Buccal smear

A buccal  (pronounced "buckle") smear is the painless removal of a sample of cells from the inside of your mouth (cheek) for study.

How is the Test Performed?

The health care provider will gently scrape the inside of the cheek with a small spatula to collect cells for testing. Sometimes, you can do this yourself.

Preparation for the Test

Rinse and wash the mouth as instructed.

How will the Test Feel?

You will feel a scraping sensation as cells are removed from the cheek.

Why is the Test Performed?

This test is done to get cells for chromosome or DNA analysis, most often for genetic testing.

The International Olympic Committee adopted the test many years ago to help detect male imposters among female athletes. When the test is used in this way, it's called the sex chromatin test.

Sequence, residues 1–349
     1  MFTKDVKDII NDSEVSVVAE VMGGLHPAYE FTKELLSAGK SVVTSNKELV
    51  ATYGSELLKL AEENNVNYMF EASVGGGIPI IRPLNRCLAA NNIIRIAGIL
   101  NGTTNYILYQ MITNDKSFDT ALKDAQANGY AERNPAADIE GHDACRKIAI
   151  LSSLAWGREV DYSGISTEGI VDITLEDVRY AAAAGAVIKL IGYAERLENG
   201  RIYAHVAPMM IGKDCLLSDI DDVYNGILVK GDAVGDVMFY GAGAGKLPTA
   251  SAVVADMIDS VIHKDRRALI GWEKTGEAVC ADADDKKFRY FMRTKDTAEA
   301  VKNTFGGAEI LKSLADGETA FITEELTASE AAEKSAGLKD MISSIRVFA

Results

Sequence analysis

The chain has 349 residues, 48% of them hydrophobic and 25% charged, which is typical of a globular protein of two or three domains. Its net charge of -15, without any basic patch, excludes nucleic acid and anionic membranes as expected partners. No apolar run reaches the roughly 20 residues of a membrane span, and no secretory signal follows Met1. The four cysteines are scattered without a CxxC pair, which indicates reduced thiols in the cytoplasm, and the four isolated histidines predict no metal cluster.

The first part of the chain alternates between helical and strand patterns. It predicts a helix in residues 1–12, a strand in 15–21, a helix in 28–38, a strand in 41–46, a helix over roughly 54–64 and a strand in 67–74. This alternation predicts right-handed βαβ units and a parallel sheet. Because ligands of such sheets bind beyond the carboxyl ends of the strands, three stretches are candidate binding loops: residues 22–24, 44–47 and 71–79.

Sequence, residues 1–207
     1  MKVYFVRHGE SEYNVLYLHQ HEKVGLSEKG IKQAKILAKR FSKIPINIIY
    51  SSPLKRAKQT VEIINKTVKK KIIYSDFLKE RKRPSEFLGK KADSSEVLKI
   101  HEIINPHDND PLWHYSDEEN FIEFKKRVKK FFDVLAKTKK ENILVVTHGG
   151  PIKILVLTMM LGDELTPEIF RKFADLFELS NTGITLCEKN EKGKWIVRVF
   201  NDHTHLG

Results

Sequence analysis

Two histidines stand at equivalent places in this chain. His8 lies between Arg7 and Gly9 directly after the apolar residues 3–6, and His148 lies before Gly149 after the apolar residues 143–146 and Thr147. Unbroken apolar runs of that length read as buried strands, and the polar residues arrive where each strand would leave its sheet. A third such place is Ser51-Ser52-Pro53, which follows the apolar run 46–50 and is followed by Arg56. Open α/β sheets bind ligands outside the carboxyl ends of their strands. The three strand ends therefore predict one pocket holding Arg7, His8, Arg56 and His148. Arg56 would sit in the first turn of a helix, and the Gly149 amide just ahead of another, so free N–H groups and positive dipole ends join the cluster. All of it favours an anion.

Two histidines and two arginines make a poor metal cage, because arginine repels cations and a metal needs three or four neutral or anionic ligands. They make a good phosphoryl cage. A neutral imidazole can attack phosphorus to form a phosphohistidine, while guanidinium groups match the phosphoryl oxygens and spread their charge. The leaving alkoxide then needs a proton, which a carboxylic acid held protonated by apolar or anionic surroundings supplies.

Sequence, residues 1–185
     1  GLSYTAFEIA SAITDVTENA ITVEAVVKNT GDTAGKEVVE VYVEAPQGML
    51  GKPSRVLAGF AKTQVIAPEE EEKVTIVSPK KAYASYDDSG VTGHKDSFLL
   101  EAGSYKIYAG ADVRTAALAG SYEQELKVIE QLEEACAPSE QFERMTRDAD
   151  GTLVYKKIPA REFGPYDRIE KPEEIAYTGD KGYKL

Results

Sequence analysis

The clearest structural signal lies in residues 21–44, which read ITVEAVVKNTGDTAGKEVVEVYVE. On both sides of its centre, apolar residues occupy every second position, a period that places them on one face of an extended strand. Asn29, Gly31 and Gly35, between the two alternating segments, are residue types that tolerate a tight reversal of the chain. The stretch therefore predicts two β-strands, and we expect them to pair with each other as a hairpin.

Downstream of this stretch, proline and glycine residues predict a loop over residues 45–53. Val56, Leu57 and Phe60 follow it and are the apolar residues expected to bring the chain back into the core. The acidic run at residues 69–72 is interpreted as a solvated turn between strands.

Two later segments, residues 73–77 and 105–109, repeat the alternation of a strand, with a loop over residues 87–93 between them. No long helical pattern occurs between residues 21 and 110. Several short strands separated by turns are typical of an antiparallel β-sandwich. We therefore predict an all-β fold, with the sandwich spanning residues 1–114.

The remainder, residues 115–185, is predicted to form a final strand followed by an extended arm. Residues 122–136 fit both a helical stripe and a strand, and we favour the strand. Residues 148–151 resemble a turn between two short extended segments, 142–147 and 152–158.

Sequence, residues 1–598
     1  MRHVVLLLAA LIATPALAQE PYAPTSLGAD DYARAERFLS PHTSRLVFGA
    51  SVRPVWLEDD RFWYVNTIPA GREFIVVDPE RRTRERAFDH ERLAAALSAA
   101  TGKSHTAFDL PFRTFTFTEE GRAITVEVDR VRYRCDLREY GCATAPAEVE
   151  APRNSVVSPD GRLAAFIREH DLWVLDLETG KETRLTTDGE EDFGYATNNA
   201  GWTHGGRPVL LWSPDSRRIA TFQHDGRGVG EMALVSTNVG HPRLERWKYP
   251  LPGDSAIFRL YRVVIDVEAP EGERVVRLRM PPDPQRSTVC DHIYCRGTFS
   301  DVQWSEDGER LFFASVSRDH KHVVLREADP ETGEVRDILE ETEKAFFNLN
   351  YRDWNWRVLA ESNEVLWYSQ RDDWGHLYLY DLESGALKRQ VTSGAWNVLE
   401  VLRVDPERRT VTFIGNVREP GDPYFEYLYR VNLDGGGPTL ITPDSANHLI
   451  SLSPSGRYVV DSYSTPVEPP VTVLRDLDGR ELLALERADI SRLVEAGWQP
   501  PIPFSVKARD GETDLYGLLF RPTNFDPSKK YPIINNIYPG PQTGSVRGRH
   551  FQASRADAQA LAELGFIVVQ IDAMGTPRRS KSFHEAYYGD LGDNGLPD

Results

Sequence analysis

This test may also help establish the sexual identity of newborns.

Buccal smear Risks

There are no risks.

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Review Date: 1/4/2013
Reviewed By: Chad Haldeman-Englert, MD, Wake Forest School of Medicine, Department of Pediatrics, Section on Medical Genetics, Winston-Salem, NC. Review provided by VeriMed Healthcare Network. Also reviewed by A.D.A.M. Health Solutions, Ebix, Inc., Editorial Team: David Zieve, MD, MHA, David R. Eltz, and Stephanie Slon.
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